President Obama said the world was “united in horror” at the situation.
“Responsibility for this brutality lies in one place alone: with the Assad regime and its allies, Russia and Iran,” he told a White House news conference.
“And this blood and these atrocities are on their hands.”
He added there had been no appetite for a big US military intervention earlier in the war, that he believes would have been the only way to stop the bloodshed.
“Unless we were all in and going to take over Syria we were going to have problems,” he said.
“It sounded like the right thing to do but it was going to be impossible to do this on the cheap.”
He was speaking after Russia’s defence ministry claimed that Syrian government forces had “liberated” Aleppo.
In a statement, the ministry said troops were eliminating the “last pockets” of rebel resistance in the city.
It said: “The operation of liberation of Eastern Aleppo, controlled by the militants, has been completed.
“The Syrian pro-government forces are liquidating some points of radical resistance.”
The UN operation to evacuate the 50,000 people left in a tiny part of the east of the city has been suspended.
Eight explosions were reported and “obstructions” were blamed for halting convoys leaving the city, said Syrian officials.
Syrian state television claimed militants had tried to take prisoners with them during the evacuation, breaching a ceasefire deal.
It also claimed they had opened fire on a convoy carrying evacuees at a crossing point, but Turkey’s Anadolu news agency blamed it on pro-Assad militia.
“Aleppo is now a synonym for hell,” UN Secretary-General Ban Ki-moon told reporters. “I very much regret that we had to stop this operation.”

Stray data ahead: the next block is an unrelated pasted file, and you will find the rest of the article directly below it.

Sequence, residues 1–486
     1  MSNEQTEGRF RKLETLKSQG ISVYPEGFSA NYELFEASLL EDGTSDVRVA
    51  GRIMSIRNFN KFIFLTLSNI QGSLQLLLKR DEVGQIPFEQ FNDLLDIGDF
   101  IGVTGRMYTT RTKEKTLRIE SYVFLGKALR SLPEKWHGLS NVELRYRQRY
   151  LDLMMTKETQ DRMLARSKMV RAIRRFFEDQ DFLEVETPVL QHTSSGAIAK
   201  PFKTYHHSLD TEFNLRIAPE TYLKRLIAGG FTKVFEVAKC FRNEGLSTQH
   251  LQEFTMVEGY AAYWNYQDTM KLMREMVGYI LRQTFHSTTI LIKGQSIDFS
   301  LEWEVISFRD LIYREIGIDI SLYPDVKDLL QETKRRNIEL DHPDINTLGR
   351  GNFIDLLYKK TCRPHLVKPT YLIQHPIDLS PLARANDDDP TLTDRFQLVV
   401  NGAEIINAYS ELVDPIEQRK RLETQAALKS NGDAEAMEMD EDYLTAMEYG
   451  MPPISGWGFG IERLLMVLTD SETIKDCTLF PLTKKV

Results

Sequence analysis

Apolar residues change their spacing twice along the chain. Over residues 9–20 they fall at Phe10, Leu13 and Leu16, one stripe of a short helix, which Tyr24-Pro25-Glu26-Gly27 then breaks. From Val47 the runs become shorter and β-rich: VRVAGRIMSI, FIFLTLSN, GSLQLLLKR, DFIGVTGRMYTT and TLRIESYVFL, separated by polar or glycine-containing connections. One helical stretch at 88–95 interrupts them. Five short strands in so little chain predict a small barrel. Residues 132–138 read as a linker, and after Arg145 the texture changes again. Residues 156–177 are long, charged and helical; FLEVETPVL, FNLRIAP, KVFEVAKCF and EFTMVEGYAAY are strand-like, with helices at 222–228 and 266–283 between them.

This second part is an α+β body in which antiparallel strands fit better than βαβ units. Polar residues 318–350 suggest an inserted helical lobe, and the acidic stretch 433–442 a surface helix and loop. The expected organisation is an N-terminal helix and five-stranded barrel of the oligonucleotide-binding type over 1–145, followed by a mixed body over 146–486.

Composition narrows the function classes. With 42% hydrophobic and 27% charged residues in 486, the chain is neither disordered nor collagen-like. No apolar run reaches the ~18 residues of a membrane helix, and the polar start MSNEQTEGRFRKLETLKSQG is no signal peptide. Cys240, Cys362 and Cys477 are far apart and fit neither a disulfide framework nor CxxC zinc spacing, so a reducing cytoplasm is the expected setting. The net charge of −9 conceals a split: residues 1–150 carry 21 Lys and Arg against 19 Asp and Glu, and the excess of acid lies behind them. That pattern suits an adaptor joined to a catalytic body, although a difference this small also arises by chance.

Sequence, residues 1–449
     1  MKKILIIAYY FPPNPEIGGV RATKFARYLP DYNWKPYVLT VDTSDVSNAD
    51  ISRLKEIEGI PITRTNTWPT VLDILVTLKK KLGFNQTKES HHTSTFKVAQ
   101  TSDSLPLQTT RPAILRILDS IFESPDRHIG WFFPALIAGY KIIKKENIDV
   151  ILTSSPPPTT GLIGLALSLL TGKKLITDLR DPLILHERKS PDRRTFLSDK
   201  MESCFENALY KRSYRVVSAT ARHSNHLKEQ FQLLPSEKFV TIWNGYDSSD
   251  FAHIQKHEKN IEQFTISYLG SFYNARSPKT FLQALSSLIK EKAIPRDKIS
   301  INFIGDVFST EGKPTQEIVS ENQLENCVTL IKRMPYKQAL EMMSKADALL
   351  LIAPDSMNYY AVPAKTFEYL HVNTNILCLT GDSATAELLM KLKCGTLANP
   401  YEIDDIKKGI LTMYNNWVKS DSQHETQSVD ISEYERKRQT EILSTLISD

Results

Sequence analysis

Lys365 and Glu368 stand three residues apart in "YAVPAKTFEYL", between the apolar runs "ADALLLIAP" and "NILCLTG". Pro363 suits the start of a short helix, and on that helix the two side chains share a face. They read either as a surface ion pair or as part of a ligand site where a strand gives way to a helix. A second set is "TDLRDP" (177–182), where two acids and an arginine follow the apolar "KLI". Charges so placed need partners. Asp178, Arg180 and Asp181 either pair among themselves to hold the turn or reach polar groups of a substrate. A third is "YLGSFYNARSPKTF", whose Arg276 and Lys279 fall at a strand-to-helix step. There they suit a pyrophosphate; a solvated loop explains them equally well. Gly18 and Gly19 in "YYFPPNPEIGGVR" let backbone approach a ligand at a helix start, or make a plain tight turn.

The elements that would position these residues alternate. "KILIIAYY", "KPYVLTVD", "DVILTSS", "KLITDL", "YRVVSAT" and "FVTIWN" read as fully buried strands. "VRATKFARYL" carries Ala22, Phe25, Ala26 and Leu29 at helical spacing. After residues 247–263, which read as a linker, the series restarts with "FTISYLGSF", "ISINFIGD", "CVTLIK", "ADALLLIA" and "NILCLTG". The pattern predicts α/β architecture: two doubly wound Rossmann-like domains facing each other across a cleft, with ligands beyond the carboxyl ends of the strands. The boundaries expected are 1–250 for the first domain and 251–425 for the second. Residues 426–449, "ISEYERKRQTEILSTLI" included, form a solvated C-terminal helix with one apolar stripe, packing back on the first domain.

The city had been divided between government and rebel areas in the near six-year civil war.
But a rapid advance by the Syrian army and its allies that began in mid-November deprived the insurgents of nearly all their territory.
Russian President Vladimir Putin announced a major new peace initiative for Syria on Friday.
He said he was working with Turkey to set up talks between Damascus and the opposition to be held in Kazakhstan.
He said he and Turkish President Recep Tayyip Erdorgan were working for an overall truce in Syria.
The evacuation of civilians and fighters began on Thursday under a deal that would allow Syria’s regime to take full control of Aleppo.
The Russian Defence Ministry said nine convoys carrying 6,400 people had left in the first 24 hours, including 3,000 rebels and 301 wounded. Turkey, which helped broker the deal, put it at 8,000.
UN envoy Staffan de Mistura said about 50,000 people were still trapped, including 40,000 civilians.
In a video message, President Assad said the “liberation” of Aleppo was “history in the making”.
Four Syrian organisations have sent a UN commission a list of 304 attacks in Aleppo, blaming Russia for violating humanitarian law.
The UN Security Council was set to meet late on Friday to discuss the crisis after a request by France which wants international observers to monitor the situation and ensure aid deliveries.